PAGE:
ARJEL certainly seems to take this commitment to heart. First of all, ARJEL started immediately upon its creation to gather evidence against illegal website. Accounts have been created with most of the gambling website prior to the law coming into force and have been used afterwards to monitors operators’ activities in relation to French players. 

Second, applicants to an online gambling licence have been put under a certain amount of pressure to stop all their operations with French players before their application could be reviewed. ARJEL professed that applicants had to come to the regulator with clean hands. And although the level of cleanliness varied depending on the operator, most of them complied with this request. Third, this summer ARJEL started to fire official notifications to a number of illegal operators, giving them 8 days to stop their illegal activities in relation to French players. One of them, decided to decline answering to this notification and on August 6, 2010, ARJEL was granted the first decision by the Tribunal de Grande Instance of Paris (first level court) ordering to ISPs to block an illegal gambling website ( 

This decision was not a surprise per se considering that the law specifically grants the power to ARJEL to request such blocking to ISPs (Article 61 of the law n°2010-476 dated May 12 2010) to the Tribunal de Grande Instance, subjected to a penalty equal to 10,000 € per day until the website is effectively blocked. 

However, this decision took many by surprise who thought it would take more time to ARJEL to take illegal operators to court and that no decision would be taken until a position was adopted on the payment of the costs related to such blocking. Indeed the law does not specify who will be liable to bear such costs but mentions that a future decree should settle the matter. This decree has not been published yet. Nevertheless, it was not seen by the Tribunal de Grande Instance as a reason to delay action against illegal operators. 

Until the decree is adopted, ISPs will bear such costs. Needless to say that ISPs are not welcoming this first decision. They are, of course, complaining about the costs they will have to bear in particular considering the number of means for illegal operators to circumvent any blocking devices ISPs may implement.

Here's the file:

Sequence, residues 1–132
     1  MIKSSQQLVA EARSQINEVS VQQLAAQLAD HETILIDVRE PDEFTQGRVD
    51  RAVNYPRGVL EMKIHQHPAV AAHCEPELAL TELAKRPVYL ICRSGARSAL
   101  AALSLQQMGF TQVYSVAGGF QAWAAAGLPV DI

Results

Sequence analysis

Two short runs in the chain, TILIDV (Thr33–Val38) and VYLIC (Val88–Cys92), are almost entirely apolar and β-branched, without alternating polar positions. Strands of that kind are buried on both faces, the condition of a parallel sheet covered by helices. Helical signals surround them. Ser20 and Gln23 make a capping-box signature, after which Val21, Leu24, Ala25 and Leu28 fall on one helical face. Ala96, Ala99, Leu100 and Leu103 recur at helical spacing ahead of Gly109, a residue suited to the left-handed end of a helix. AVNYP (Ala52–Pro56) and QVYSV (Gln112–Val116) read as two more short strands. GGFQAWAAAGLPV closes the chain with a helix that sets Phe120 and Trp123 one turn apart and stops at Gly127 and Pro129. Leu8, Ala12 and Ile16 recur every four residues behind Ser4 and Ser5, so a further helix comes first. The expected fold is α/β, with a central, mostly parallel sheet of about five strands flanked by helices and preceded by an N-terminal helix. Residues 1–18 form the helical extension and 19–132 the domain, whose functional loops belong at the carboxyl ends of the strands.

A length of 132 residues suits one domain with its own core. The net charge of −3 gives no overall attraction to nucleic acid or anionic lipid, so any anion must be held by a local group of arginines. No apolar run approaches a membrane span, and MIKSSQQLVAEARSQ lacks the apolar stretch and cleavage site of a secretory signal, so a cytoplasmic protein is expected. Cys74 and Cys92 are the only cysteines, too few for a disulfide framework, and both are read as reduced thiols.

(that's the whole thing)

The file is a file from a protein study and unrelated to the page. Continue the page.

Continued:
One may not entirely reject ISPs arguments and we will not pretend this decision marked the end of illegal gambling in France. 

However, it has been interpreted by many licensed operator as a sign of ARJEL’s intention to abide by the French government promises and actively fights against illegal operators. 

In addition, there are additional penalties which could be sought by ARJEL and which might reveal (for some of them) more efficient than the intervention of ISPs. Among such penalties, illegal operators may be sanctioned by: 

  • 3 years of imprisonment;
  • A 90,000 € fine;
  • A prohibition to request an agreement for 5 years;
  • Forbidding, for a renewable 6 months period, all movement of capital on the illegal operator’s account (whether inbound or outbound).

Moreover, advertising for an illegal gambling website will be penalized by a 100,000 € fine, which can go up to 4 times the advertising expenses. 

As a conclusion 

The debuts of the French market are promising and most licensed operators are hopeful for the future. 

However, some issues will need to be addressed by the government and ARJEL in the near future. As an example: 

  • The taxes and commissions to be paid by operators. – Indeed, the high level of taxation does not allow legal operators to compete effectively with illegal operators. If players may be willing to pay for the security offered by licensed operators, they are not ready to pay any price.
  • The position of the incumbents on this new market and how to warrant that the competition is fair with new entrants.
  • The contracts with sport competitions organisers and the 1% commission on bets.

An answer to these issues is the creation of professional organisations which will allow all actors of the industry to speak with a united voice and set up market standards. 

This article was originally published in the newsletter of Ichay & Mullenex Avocats